Rhea Heath: Part of the struggle we’re having at Beacon Medical Group is getting consistent patient access and payment processes and messages across all our practices. We are just now building a centralized pre-registration department for the entire medical group, because we are comprised of many different independent practices that came together. Those inconsistencies have caused patient dissatisfaction. For example, we had one practice that required patients to leave a 20 percent deposit for a procedure while other practices didn’t. We are trying to build some standardization, so the patient experience is the same no matter what practice they visit.

Another point of patient frustration is that we may send them a bill six months after their date of service because it can take that much time to work through the claim adjudication process. By that point, patients don’t remember the service and how much they paid already, and they think we’re incompetent or trying to pull a fast one.

Porter: It is important to set expectations upfront as to when the bill will be coming. We aim to talk with patients on the front end and collect a deposit at the time of service, telling them that they won’t receive a final bill for about 60 days due to insurance company adjudication. By taking this approach, we help patients better understand what’s coming and what their responsibilities will be. For us, this is a work in progress, but we are making some headway in accelerating cash. We are also hoping this becomes a patient pleaser because they have greater insight into the process.

Chris Johnson: It’s interesting to hear the different perspectives. Currently, Atrium Health doesn’t bill our patients until they have a self-pay balance, and that is an intentional choice. We made a judgment call a number of years ago that started us on this path. When we send patients statements that say they owe us X, we want to be sure that’s truly what they owe us and all that they owe us. Because the big complaint we got from patients was, ‘you bill me and I pay that, and then you send me another bill, and it’s a different amount, and I pay that, and then you send me a refund — it’s irritating.’ Since we don’t tell them what the refund is for, they end up calling us to sort out what the amount owed truly is. It’s time consuming for us and them, and for patients, it’s annoying.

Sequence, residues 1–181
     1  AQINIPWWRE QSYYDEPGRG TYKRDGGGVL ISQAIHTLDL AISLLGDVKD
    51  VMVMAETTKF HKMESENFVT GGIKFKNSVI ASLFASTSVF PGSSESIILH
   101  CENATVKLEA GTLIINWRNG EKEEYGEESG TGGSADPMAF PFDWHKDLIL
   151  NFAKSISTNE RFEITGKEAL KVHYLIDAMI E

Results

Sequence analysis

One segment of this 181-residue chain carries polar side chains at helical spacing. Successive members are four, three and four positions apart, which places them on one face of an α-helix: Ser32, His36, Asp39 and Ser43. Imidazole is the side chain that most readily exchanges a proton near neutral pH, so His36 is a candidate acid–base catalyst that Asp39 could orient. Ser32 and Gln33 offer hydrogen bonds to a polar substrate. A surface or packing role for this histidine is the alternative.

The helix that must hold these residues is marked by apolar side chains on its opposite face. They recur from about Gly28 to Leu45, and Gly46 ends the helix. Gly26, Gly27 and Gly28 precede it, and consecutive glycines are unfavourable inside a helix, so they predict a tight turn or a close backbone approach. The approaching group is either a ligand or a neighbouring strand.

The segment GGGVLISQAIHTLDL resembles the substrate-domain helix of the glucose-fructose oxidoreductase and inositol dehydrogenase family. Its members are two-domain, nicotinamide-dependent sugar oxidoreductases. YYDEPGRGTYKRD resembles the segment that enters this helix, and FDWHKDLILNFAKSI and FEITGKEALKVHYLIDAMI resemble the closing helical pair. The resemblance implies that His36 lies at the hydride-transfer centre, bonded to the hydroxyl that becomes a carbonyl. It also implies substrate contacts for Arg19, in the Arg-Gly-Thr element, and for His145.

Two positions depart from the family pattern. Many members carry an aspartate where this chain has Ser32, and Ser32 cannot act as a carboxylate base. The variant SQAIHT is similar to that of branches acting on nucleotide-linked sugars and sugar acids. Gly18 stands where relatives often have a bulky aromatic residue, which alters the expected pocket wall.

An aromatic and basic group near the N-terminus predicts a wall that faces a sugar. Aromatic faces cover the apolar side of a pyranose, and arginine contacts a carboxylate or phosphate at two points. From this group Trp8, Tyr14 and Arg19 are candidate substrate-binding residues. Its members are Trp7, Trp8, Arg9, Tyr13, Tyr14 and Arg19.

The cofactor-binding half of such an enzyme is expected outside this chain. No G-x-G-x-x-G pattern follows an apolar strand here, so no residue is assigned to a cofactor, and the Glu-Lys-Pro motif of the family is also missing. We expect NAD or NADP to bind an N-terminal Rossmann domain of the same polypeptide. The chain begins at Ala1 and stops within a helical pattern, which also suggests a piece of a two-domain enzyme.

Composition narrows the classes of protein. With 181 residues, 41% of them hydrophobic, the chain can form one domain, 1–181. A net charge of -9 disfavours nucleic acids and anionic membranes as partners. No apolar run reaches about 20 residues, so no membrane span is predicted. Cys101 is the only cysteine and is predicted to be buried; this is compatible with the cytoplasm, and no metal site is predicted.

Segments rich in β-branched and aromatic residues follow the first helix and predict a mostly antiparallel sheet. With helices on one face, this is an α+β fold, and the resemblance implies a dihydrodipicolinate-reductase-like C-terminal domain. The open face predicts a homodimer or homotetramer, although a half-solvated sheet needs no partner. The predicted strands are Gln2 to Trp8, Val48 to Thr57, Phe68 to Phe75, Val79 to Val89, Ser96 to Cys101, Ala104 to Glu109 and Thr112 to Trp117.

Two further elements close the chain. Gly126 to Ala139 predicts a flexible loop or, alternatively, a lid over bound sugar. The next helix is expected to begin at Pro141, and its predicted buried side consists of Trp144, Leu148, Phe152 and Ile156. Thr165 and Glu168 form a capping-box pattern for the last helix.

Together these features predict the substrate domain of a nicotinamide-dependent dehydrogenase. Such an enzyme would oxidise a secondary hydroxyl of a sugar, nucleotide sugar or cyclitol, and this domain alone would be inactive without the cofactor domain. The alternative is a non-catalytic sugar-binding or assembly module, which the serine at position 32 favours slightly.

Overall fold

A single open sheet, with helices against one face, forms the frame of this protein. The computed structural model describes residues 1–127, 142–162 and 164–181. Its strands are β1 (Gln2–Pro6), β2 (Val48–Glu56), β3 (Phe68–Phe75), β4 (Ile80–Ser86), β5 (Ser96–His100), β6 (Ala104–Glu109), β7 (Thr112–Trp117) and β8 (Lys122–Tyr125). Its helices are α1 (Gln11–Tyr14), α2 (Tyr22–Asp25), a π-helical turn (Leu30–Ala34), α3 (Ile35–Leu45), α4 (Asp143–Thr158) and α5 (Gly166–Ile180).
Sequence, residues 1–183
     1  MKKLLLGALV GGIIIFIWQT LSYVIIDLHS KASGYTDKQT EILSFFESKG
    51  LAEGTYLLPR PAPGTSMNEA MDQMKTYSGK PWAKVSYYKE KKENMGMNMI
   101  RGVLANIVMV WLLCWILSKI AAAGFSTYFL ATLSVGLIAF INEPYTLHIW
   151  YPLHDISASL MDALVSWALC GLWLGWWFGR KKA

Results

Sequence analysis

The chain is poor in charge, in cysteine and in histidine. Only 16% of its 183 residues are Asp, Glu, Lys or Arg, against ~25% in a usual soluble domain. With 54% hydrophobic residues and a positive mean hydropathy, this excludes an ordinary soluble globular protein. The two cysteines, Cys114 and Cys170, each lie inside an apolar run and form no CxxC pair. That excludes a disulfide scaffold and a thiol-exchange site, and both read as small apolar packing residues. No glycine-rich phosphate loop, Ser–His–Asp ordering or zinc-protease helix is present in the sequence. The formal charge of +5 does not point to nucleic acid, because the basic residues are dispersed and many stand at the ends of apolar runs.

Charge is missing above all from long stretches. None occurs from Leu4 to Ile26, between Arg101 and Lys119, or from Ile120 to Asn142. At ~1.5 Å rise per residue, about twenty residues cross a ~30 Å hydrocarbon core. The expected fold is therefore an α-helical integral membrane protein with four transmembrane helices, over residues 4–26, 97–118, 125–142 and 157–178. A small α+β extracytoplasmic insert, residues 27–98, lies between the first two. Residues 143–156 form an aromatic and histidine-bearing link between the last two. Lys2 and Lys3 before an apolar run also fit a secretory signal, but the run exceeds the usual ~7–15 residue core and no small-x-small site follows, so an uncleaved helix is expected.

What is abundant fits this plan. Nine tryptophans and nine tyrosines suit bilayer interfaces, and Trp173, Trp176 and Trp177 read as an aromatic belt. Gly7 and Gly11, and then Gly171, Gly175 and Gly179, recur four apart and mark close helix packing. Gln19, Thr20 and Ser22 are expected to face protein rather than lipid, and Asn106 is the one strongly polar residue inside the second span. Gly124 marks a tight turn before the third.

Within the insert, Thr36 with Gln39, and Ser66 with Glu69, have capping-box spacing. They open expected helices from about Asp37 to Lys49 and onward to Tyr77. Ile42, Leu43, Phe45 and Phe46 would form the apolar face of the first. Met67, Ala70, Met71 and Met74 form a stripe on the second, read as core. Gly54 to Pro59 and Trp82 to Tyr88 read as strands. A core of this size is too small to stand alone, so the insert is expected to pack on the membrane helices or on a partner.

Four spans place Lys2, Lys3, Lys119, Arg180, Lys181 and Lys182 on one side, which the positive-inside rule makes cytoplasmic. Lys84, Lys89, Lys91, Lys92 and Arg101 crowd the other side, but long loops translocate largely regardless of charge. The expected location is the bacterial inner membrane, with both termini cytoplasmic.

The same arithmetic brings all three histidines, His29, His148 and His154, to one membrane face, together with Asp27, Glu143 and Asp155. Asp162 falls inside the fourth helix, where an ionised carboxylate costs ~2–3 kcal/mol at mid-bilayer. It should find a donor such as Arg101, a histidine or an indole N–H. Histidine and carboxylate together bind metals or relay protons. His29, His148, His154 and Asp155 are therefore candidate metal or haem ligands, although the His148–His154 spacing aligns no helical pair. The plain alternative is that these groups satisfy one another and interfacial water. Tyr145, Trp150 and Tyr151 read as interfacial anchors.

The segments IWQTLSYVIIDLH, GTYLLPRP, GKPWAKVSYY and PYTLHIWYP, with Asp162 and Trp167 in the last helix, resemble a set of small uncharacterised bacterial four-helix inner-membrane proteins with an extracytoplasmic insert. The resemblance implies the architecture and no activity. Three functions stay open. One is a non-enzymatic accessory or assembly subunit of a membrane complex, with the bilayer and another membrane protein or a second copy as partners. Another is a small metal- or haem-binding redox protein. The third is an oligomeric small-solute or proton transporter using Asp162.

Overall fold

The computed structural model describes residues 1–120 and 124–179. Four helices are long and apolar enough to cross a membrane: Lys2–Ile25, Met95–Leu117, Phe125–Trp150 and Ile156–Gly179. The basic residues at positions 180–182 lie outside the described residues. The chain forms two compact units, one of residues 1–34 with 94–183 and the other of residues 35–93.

Heath: Another obstacle that can slow down patient payment is the lack of staff training to handle patient financial conversations. As an industry, we don’t train our customer service and patient access people to engage in complex patient interactions. Patient access and customer service are entry level positions who directly impact the patient experience, determine whether we have accurate information for billing and affect whether a claim is going to be clean. We have to shift the thought process nationally around these job types, so that they are not always entry level positions, but ones that require more advanced skills, require more training and are above entry level.

Ronan: From what we see, the labor trends are not going to change, and we have to consider other options, such as automation, to streamline repetitive processes and make things more efficient and ultimately easier for our patients.

Heath: Yes, that’s true, but you need to find the right balance with automation, because when you’re dealing with people who are scared and who have just received a catastrophic diagnosis, they don’t want to look at the computer to figure out how much they’re going to pay. They want to hear a compassionate human voice on the phone. We need to figure out how we can best utilize technology while still offering a compassionate and caring experience. One of the things we’re budgeting for is virtual financial counseling. We don’t have enough people to put financial counselors in all our practices, but we need to make them available. Using secure digital connectivity and other online communication tools may be a solution.

How do you segment patients for collections, payment plans, charity care and so on?

Heath: Primarily, we look at dollar thresholds. If a patient’s account reaches a certain dollar amount — whether through outstanding bills or new charges — then a financial counselor will speak to the patient and advise the customer of all the ways the bill can be paid. Based on this initial conversation, we determine if the patient is potentially eligible for financial assistance. We look at that from a Medicaid perspective and from a charity care perspective, and we route them to the correct path based on a phone conversation.